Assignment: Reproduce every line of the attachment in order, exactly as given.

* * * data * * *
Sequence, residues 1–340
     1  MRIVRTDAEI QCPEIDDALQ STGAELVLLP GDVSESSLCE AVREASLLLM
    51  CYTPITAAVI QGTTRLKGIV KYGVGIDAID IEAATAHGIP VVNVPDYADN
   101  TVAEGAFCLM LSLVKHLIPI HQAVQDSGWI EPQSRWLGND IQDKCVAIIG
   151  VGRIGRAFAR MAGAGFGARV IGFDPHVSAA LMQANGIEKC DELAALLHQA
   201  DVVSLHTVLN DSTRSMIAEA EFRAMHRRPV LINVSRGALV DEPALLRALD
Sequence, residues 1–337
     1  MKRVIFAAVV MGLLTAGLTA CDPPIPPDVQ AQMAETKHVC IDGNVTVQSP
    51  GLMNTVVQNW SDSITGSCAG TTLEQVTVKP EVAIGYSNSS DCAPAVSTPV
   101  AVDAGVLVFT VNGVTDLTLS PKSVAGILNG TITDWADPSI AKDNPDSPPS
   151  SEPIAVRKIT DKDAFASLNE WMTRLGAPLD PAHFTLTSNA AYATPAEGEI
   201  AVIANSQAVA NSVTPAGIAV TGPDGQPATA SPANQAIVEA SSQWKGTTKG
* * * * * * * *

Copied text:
Sequence, residues 1–340
     1  MRIVRTDAEI QCPEIDDALQ STGAELVLLP GDVSESSLCE AVREASLLLM
    51  CYTPITAAVI QGTTRLKGIV KYGVGIDAID IEAATAHGIP VVNVPDYADN
   101  TVAEGAFCLM LSLVKHLIPI HQAVQDSGWI EPQSRWLGND IQDKCVAIIG
   151  VGRIGRAFAR MAGAGFGARV IGFDPHVSAA LMQANGIEKC DELAALLHQA
   201  DVVSLHTVLN DSTRSMIAEA EFRAMHRRPV LINVSRGALV DEPALLRALD
Sequence, residues 1–337
     1  MKRVIFAAVV MGLLTAGLTA CDPPIPPDVQ AQMAETKHVC IDGNVTVQSP
    51  GLMNTVVQNW SDSITGSCAG TTLEQVTVKP EVAIGYSNSS DCAPAVSTPV
   101  AVDAGVLVFT VNGVTDLTLS PKSVAGILNG TITDWADPSI AKDNPDSPPS
   151  SEPIAVRKIT DKDAFASLNE WMTRLGAPLD PAHFTLTSNA AYATPAEGEI
   201  AVIANSQAVA NSVTPAGIAV TGPDGQPATA SPANQAIVEA SSQWKGTTKG